Palazzo Vecchio
piazza-della-signoria PAlazzo Vecchio

Firenze, Old palace

Duration: 2 hours

The palace was designed to house the Priors and the Gonfaloniere di Giustizia (later moved to the Palazzo del Bargello), the supreme governing body of the city and was erected on the ruins of a palace that belonged to the Ghibelline family of the Uberti, expelled from the city in 1266 for the his political position and remembered by Dante Alighieri in the Divine Comedy. The historical contrast between Guelphs and Ghibellines, which inflamed Florentine politics in Dante’s time, is also present in the architectural elements of the building: the balcony has a battlements called “Guelph” that is square, while the tower has a “Ghibelline” battlements, at dovetail.

The magnificence of this typically medieval building is largely due to the design of Arnolfo di Cambio; the richness of the internal architecture, on the other hand, is largely the work of Giorgio Vasari who also designed the Salone dei Cinquecento, the Studiolo of Francesco I, the Eleonora Quarter and the Elements Quarter.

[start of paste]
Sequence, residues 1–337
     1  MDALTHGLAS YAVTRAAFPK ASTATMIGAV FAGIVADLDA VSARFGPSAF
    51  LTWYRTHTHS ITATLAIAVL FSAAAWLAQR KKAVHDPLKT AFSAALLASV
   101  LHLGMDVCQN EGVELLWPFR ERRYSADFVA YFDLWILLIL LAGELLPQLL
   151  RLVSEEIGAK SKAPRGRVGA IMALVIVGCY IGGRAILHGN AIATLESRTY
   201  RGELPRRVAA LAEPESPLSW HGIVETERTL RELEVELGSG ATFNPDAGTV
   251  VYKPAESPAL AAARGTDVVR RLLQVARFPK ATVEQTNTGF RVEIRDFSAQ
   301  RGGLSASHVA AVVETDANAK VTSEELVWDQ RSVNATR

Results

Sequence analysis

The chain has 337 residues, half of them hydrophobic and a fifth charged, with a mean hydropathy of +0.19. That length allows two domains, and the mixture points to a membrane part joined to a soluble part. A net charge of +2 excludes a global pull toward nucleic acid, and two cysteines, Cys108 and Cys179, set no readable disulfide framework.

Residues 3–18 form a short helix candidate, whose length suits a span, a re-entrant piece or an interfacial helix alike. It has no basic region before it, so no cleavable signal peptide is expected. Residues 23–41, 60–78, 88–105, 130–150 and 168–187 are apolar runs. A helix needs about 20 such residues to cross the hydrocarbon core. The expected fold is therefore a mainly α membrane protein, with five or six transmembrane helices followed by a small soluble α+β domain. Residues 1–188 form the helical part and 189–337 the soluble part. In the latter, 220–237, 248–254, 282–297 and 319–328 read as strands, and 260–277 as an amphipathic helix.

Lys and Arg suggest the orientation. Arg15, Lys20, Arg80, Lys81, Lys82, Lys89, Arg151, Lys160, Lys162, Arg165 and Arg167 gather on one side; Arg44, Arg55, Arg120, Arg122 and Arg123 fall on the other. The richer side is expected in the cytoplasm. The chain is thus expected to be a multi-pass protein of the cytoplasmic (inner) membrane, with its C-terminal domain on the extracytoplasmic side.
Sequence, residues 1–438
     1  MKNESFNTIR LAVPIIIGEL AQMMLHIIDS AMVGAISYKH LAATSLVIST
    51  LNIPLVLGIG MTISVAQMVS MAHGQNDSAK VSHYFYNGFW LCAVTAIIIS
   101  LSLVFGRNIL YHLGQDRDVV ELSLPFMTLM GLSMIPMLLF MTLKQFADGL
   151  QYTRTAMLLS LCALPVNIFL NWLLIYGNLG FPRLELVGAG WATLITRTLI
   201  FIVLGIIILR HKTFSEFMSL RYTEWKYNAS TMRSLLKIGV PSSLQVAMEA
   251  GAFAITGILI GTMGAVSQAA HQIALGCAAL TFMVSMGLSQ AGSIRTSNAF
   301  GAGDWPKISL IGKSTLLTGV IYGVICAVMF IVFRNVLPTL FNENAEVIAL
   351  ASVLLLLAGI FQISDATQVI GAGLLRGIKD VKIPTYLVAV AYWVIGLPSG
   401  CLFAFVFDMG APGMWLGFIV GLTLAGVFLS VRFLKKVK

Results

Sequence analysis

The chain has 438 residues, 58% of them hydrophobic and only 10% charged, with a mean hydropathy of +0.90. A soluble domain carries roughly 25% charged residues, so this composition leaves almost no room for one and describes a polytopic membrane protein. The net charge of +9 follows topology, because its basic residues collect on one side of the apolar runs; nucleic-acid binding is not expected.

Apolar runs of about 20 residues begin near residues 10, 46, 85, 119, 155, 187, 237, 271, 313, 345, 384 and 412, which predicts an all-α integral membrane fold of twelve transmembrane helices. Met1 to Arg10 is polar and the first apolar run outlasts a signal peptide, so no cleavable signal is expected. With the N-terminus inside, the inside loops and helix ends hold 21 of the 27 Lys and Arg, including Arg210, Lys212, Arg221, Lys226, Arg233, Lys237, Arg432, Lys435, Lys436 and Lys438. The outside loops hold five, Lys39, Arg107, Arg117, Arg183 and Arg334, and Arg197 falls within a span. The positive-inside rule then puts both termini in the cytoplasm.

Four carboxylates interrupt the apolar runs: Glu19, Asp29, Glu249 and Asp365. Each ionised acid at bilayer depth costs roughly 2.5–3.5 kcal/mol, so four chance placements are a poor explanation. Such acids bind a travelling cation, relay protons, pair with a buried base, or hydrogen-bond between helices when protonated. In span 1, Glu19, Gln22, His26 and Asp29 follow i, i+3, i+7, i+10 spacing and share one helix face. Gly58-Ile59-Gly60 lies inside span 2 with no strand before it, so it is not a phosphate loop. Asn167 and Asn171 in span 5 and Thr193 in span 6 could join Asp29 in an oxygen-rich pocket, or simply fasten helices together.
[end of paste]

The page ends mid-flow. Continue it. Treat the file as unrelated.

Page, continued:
As a center of power in the city of Florence, Palazzo Vecchio assumed different functions depending on the historical and political period. In the mid-1500s it was the home of Cosimo I de ‘Medici who, making use of the collaboration of artists such as Vasari and Buontalenti, enlarged the building to double its size. It was just when Prince Cosimo I moved his residence to Palazzo Pitti that the Palazzo della Signoria (namesake of Piazza della Signoria in which it is located) changed its name to Palazzo Vecchio.
In 1865-71 Florence was the capital of Italy and Palazzo Vecchio became the seat of government. Today it houses the town hall of the city and a very precious museum where works by Michelangelo Buonarroti, Donatello, Verrocchio are exhibited.